Metropolitan Life North Building

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Metropolitan Life North Building
Metropolitan Life North Building, Manhattan, New York City.jpg
General information
Location11-25 Madison Avenue, Manhattan, New York 10010
Coordinates40°44′29.6″N 73°59′11.6″W / 40.741556°N 73.986556°W / 40.741556; -73.986556Coordinates: 40°44′29.6″N 73°59′11.6″W / 40.741556°N 73.986556°W / 40.741556; -73.986556
Construction started1928
Roof137.5 m (451 ft)
Technical details
Floor count30

The Metropolitan Life North Building, now known as Eleven Madison, is a 30-story art deco skyscraper in the Flatiron District adjacent to Madison Square Park in Manhattan, New York City, at 11-25 Madison Avenue. The building is bordered by East 24th Street, Madison Avenue, East 25th Street and Park Avenue South, and is connected by an elevated walkway to the Metropolitan Life Insurance Company Tower just south of it. The North Building was built on the site of Richard Upjohn's original Madison Square Presbyterian Church. The second church, designed by Stanford White of McKim, Mead and White was built in 1906, across 24th street on land conveyed by Metropolitan Life. As part of the Metropolitan Life Home Office Complex, the North Building was added to the National Register of Historic Places on January 19, 1996.[1]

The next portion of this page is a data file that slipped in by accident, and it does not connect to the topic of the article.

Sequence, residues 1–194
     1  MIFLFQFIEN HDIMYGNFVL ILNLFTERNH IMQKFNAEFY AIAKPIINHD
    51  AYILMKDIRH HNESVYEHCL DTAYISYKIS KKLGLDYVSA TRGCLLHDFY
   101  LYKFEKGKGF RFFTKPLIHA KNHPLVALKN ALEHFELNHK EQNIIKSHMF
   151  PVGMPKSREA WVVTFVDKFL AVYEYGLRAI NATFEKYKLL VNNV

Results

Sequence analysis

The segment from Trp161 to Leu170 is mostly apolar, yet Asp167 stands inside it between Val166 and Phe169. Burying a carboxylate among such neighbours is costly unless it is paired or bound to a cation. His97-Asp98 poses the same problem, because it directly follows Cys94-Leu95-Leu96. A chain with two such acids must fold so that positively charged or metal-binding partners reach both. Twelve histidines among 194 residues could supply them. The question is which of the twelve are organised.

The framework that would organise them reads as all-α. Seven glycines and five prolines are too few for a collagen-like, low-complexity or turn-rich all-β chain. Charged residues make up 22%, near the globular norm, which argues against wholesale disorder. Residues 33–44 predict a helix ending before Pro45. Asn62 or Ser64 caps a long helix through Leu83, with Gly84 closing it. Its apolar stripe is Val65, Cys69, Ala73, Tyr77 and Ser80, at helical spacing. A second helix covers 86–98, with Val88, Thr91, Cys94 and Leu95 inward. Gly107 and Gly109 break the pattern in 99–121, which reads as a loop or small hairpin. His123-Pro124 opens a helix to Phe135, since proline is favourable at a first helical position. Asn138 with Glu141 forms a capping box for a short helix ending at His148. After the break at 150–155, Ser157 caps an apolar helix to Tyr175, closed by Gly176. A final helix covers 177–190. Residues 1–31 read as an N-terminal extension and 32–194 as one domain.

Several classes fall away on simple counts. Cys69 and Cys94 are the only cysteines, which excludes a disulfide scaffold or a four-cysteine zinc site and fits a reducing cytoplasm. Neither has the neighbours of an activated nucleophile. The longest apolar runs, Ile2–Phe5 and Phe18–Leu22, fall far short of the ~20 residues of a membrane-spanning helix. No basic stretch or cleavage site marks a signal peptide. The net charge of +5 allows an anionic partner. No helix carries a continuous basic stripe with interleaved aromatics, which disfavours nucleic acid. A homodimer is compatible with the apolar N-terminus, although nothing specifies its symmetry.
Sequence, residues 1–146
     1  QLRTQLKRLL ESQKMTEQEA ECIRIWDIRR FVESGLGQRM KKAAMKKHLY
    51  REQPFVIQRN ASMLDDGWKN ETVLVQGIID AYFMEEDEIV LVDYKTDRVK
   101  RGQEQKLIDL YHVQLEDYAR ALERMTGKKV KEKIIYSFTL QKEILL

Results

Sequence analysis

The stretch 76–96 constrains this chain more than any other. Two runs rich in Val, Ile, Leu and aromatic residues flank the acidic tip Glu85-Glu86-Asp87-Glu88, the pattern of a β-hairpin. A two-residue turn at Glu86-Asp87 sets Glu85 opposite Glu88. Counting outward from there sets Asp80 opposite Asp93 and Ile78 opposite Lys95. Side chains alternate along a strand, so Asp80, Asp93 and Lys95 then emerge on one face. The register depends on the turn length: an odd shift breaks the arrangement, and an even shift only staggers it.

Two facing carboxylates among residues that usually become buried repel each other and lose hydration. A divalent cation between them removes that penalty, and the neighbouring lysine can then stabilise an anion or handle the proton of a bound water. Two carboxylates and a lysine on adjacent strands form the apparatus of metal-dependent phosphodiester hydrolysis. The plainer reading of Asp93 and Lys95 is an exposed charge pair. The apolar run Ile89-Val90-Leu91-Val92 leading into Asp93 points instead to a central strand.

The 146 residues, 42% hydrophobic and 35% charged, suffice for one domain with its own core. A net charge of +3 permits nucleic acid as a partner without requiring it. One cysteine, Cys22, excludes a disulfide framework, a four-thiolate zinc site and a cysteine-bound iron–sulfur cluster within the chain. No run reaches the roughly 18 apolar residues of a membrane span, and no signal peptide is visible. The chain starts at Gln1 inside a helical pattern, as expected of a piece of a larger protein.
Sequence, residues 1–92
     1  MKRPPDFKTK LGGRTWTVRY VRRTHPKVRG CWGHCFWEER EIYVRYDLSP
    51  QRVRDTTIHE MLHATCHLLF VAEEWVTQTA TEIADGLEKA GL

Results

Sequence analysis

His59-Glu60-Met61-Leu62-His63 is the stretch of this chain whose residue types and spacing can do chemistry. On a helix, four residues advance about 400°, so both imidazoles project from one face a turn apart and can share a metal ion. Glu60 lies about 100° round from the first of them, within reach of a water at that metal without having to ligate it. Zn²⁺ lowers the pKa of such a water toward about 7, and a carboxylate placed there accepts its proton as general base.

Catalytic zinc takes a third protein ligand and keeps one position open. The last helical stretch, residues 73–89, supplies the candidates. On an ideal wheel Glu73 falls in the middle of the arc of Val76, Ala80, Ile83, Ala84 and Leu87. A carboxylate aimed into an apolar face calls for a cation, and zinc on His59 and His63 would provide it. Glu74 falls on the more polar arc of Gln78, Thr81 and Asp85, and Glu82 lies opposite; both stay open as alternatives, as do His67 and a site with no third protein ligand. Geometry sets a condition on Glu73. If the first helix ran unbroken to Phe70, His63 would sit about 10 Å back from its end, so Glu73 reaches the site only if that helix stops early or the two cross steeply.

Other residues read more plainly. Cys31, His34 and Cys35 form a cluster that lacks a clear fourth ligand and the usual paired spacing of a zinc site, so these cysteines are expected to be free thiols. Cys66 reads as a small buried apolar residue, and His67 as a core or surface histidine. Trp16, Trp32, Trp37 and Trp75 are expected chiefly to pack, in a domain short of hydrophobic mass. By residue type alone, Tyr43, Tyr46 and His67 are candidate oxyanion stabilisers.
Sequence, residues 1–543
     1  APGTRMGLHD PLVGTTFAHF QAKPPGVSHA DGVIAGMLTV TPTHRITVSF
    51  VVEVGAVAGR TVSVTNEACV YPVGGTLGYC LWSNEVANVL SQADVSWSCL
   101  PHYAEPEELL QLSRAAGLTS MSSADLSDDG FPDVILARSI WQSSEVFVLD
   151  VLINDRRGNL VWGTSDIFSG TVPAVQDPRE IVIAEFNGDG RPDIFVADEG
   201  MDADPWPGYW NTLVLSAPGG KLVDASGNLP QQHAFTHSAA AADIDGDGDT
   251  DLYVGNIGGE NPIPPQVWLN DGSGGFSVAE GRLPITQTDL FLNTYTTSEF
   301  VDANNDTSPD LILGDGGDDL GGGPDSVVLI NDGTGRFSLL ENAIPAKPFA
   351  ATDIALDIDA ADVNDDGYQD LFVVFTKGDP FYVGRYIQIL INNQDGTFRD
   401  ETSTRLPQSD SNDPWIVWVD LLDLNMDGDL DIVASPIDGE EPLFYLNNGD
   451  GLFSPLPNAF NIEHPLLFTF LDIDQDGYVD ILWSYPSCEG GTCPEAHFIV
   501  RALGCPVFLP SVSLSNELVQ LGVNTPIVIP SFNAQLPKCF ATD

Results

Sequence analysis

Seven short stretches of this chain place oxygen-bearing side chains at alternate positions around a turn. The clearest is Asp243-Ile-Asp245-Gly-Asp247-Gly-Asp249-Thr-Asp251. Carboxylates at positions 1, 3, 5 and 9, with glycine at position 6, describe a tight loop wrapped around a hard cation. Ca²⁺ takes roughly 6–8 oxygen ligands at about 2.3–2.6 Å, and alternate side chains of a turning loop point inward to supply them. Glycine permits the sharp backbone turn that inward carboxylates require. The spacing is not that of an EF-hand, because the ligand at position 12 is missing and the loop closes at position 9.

The Madison Square Presbyterian Church, designed by Richard M. Upjohn in the Gothic Revival architectural style, was located on Madison Square Park at the southeast corner of East 24th Street and Madison Avenue, and was completed in 1854.[2] The building was acquired by the Metropolitan Life Insurance Company to make way for the 48-story Metropolitan Life Insurance Company Tower. In exchange, the church received a 75' by 150' plot of land across 24th Street that became the site for Stanford White's Madison Square Presbyterian Church, sometimes called the "Parkhurst Church" after Reverend Charles Henry Parkhurst. Upjohn's building was demolished in 1909.

The Metropolitan Life North Building (left) and the Metropolitan Life Insurance Company Tower (right)

The North Building was designed in the 1920s by Harvey Wiley Corbett and Dan Everett Waid.[3] The final design for the new building was proposed as a 100-story tower with several setbacks, which would have been the tallest building in the world.[4] However, due to the Stock Market Crash of 1929 and onset of the Great Depression, the construction was halted at floor 29 in 1933.[5] Metropolitan Life had originally planned to have a 100-story tower, and the existing building was constructed to be strong enough to support extra floors. Still, when construction was completed on the 25-story "base" in 1950, there were no plans to build the extra stories.[5] The original plans were to include an entrance to the 23rd Street subway station, but the entrance was ultimately built one block south, on 23rd Street, with an entrance through the Metropolitan Life Insurance Company Tower at One Madison Avenue.